|Publication number||US5259836 A|
|Application number||US 07/635,354|
|Publication date||Nov 9, 1993|
|Filing date||Dec 21, 1990|
|Priority date||Nov 30, 1987|
|Publication number||07635354, 635354, US 5259836 A, US 5259836A, US-A-5259836, US5259836 A, US5259836A|
|Inventors||Amy S. Thurmond, Josef Rosch, Barry T. Uchida|
|Original Assignee||Cook Group, Incorporated|
|Export Citation||BiBTeX, EndNote, RefMan|
|Patent Citations (10), Non-Patent Citations (16), Referenced by (94), Classifications (8), Legal Events (4)|
|External Links: USPTO, USPTO Assignment, Espacenet|
This application is a continuation of pending U.S. patent application Ser. No. 467,940 filed Jan. 22, 1990 (now abandoned) which is a continuation of U.S. patent application Ser. No. 271,933 filed Nov. 16, 1988 (now abandoned) which is a continuation of U.S. patent application Ser. No. 251,195 filed Sep. 29, 1988 (now abandoned); 07/271,933 is a continuation-in-part of Ser. No. 07/226,059, filed Jul. 29, 1988 (now abandoned), which is a continuation-in-part of Ser. No. 07/126,778, filed Nov. 30, 1987 (now abandoned).
This invention pertains to a device providing a sterile conduit for non-invasive entry into the uterine cavity.
A number of conditions require non-invasive entry into the uterine cavity, for both therapeutic and diagnostic purposes. Such access is provided through the canal of the uteral cervix, transvaginally. For diagnostic purposes, contrast media may be injected into the cervical canal and radiography carried out, both to establish the outline of the uterine cavity and/or patency of the Fallopian tubes. Alternatively, ultrasonography can be used following gas insufflation, or a fiberoptic device can be introduced into the uterine cavity for direct inspection. Yet another means of providing access is to introduce catheters into the cervical canal, and input contrast media into the uterine cavity directly.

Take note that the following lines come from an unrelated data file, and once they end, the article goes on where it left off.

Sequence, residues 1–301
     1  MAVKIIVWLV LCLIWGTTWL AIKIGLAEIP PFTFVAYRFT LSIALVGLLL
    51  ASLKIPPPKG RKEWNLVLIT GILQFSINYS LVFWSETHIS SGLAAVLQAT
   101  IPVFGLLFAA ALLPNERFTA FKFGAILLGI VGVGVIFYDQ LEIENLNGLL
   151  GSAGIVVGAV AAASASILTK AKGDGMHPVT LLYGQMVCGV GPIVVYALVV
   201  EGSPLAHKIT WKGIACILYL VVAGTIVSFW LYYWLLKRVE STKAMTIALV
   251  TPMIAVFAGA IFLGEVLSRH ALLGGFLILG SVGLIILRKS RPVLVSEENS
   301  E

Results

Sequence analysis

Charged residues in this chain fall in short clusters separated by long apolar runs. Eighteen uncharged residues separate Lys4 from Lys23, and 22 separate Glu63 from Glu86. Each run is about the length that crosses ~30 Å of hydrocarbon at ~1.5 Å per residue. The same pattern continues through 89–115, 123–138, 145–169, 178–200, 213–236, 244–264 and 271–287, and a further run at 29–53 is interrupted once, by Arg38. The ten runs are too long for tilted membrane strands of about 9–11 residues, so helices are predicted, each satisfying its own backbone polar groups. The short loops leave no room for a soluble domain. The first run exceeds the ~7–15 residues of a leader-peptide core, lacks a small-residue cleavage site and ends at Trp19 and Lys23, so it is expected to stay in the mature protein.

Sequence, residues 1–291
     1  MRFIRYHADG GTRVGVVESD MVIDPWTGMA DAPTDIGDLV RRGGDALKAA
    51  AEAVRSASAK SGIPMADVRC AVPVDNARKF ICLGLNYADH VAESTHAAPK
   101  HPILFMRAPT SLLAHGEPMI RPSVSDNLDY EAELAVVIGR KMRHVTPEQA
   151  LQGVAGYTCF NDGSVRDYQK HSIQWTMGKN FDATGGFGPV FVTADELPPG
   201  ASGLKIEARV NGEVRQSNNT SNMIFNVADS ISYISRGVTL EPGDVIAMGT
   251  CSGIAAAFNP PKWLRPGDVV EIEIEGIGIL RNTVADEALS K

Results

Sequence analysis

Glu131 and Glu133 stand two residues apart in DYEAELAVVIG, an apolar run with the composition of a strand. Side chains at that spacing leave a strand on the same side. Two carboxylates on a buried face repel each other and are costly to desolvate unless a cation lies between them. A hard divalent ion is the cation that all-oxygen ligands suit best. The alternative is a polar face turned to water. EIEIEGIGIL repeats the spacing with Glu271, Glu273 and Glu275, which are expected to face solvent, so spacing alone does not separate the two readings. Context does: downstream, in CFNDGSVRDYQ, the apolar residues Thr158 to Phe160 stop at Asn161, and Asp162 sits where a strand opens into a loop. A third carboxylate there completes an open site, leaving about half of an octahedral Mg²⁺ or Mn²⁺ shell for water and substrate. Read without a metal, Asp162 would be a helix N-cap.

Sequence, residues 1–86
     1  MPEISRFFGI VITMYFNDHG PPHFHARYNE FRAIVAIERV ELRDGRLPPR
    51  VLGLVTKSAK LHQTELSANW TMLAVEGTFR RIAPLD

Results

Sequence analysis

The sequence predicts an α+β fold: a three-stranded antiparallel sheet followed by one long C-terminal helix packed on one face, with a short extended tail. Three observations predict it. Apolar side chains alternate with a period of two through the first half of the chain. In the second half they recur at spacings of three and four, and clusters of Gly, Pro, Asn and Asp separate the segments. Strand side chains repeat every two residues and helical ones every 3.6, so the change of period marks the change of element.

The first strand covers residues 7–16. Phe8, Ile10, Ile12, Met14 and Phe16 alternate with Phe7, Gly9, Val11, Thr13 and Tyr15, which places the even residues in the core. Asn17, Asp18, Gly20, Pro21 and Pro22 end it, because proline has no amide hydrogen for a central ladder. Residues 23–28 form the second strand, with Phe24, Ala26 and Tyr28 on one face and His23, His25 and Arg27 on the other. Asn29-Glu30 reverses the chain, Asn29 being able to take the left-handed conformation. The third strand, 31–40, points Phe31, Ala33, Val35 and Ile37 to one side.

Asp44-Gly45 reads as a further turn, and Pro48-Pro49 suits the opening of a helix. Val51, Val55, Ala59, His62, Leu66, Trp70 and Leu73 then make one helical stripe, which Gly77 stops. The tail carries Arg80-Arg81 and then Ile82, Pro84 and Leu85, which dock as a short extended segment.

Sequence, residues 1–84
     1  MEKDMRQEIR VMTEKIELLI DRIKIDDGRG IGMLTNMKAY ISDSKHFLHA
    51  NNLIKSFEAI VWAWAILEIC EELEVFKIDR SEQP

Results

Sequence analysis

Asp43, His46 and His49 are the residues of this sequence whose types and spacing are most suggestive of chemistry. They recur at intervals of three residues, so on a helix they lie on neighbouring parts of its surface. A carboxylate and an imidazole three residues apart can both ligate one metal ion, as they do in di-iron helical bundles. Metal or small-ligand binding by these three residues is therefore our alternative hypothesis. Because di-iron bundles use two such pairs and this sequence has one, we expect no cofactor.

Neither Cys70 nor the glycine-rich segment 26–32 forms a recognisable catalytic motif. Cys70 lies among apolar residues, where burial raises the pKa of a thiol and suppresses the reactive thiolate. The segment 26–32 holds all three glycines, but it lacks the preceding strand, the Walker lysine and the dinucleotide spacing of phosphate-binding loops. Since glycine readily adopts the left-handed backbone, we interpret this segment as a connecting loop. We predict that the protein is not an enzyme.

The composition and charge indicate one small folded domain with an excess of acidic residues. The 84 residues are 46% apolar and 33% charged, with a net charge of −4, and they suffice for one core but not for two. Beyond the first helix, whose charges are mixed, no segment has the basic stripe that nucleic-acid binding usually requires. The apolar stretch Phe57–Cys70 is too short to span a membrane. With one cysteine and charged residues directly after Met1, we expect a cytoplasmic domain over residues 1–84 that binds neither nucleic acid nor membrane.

Recently described in an article entitled "Fallopian Tubes Obstruction: Selective Salpingography and Recanalization," Radiology, May 1987, number 167, pp. 511-514, is the use of a coaxial catheter system with a wire guide for transvaginal recanalization of stenosed Fallopian tubes, also carried out through the cervical canal. This procedure usually is performed in conjunction with diagnostic radiography prior to and following recanalization. Inasmuch as the stenosis usually is a result of inflammatory changes and is one major cause of female infertility, and since surgical transabdominal recanalization of the Fallopian tubes has been shown to meet with only limited success, development of new instrumentation enabling use of non-invasive procedures, such as the radiological approach, is of major importance.